The women faced difficulties with equipment, having to fly Polikarpov Po-2 aircraft which were two-seated, open-cockpit bi-planes that were obsolete even then. The planes were made of plywood frames covered with stretched canvas and were light, slow and provided no protection to those inside them. This did provide a slight advantage though, in that they were hard to target due to their slower stall-speed and they could take off and land almost anywhere. The planes had exposed cockpits, and pilots flying in the dead of night often got frostbite.

As their planes were vulnerable the cover of night was necessary for both their survival and success. Three planes would leave simultaneously, two drew searchlights and gunfire and the third remained conceled by the darkness so that it could drop bombs. The pilots would also kill their engines when they were near their targets and glide over while deploying their bombs to ensure that they would not be discovered. The German soldiers began referring to the women of the 588th Regiment as “Nachthexen,” or “Night Witches,” a name the pilots of the 588th took on with pride. There were rumours that the women had been given pills and treatments which gave them the night vision of a cat.

Dospanova made more than 300 combat missions to the southern front, the North Caucasus, Transcaucasia, Ukraine and Belarus. In April 1943 she was seriously injured while making a landing in blackout conditions. She survived by fractured both of her legs. Three months later she returned to the regiment to continue fighting. The 558th squadron was never disbanded, but became the 46th Guards Night Bomber Aviation Regiment.

After the war, Dospanova initially considered a return to medical school but dismissed the idea. First Secretary of the West Kazakhstan Regional Party Mynaidar Salin suggested that she work for the Communist Party and, after the approval of the regional party committee instructor she began her employment at the Higher Party School in Alma-Ata. She progressed from a party committee instructor in Western Kazakhstan to the secretary of the Central Committee of the Lenin Communist Union of Youth of Kazakhstan. In 1951 Dospanova was elected as the deputy of the Supreme Council of the Kazakh SSR, at the first session she was appointed as the secretary of the Presidium. Before her retirement, Dospanova was secretary of the Almaty City Party Committee and played an active role in the development and life of the then-capital. She died in 2008.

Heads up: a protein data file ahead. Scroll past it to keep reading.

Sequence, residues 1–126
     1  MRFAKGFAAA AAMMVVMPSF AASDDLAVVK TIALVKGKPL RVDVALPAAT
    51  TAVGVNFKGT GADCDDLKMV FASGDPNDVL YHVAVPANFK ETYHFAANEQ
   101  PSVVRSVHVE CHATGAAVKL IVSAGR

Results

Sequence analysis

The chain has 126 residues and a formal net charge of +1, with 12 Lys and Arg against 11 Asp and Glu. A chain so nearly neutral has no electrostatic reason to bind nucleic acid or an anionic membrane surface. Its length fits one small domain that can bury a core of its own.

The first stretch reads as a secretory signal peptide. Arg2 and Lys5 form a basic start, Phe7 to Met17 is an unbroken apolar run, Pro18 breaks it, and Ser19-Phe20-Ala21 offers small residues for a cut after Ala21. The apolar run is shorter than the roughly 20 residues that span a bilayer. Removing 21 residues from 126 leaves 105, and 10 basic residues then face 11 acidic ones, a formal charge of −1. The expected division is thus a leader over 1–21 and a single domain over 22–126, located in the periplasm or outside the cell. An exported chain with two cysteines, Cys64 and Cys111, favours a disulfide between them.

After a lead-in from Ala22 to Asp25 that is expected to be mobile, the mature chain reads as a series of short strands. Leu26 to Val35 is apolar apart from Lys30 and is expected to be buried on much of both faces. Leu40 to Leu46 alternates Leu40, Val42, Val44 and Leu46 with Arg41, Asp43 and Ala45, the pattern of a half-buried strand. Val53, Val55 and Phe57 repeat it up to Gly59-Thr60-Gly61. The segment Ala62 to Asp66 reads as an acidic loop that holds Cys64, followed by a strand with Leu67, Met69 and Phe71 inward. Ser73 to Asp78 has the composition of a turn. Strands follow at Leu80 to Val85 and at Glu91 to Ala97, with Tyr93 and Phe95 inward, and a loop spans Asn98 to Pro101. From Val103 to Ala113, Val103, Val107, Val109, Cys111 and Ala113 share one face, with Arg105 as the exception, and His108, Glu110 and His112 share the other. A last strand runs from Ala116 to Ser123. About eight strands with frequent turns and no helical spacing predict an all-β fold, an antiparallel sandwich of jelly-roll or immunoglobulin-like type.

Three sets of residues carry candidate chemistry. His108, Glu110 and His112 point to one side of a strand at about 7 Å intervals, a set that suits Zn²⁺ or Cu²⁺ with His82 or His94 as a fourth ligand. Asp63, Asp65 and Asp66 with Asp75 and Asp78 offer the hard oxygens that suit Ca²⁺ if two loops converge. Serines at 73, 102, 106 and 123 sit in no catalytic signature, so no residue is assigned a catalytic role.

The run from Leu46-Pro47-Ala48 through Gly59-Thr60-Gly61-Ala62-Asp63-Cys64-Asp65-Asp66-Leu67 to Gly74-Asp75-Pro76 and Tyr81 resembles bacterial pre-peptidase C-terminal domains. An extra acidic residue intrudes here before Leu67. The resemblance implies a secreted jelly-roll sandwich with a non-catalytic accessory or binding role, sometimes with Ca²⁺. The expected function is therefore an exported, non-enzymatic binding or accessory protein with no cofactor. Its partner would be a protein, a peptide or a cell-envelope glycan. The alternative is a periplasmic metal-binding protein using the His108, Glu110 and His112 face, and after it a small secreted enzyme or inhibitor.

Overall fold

Dospanova was awarded with the Order of the Red Star, medals for the defense of the Caucasus, for the liberation of Warsaw, and for victory over Germany. Four years before her death, In December 2004, the Kazakh President Nursultan Nazarbayev decreed that Dospanova was to be awarded the title of “Halyk Kaharmany” (National Hero) for her heroic actions as well as the honour of a special distinction: the Gold Star and the Otan Order.

Sources here, here and here.

Hiuaz Kairovna Dospanova was suggested by @istillcantthinkofatitle

Fighter pilot Antonina Lebedeva (1916-1943) by klimbims
Via Flickr:
Before the war, she studied at the Moscow State University and has been an instructor of one of the capital’s flying clubs. Her military career began in the women’s 586 th Fighter regiment, protecting the sky of Saratov. In aerial combat the brave girl was hit, personally and in the group, three enemy aircraft. July 17, 1943 in an unequal battle Quartet of our pilots against 30 enemy aircraft, she was shot down and her fate remained unknown for a long time. In 1982 near the village Betovo, Oryol Region, was a plane excavated, that crashed in the summer of 1943. The remains of the pilot, his parachute, a pistol, a knife and documents were found. Among other documents were flight and medical books, where clearly was written the name of the holder: Antonina Lebedeva. More than that - there was the headset with fragments of a skull and two girlish pigtails.

Maria Dolina by klimbims
Via Flickr:
Maria Dolina (1922–2010) was a Soviet pilot and acting squadron commander of the 125th “Marina M. Raskova” Borisov Guards dive bomber Regiment. She was active primarily on the 1st Baltic Front during World War II. Performed 72 sorties by plane Pe-2, dropping 45,000 kg bombs. In six aerial combats the crew of Maria shot down 3 enemy fighters (in the group). On August 18, 1945 Dolina was awarded the title of the Hero of the Soviet Union.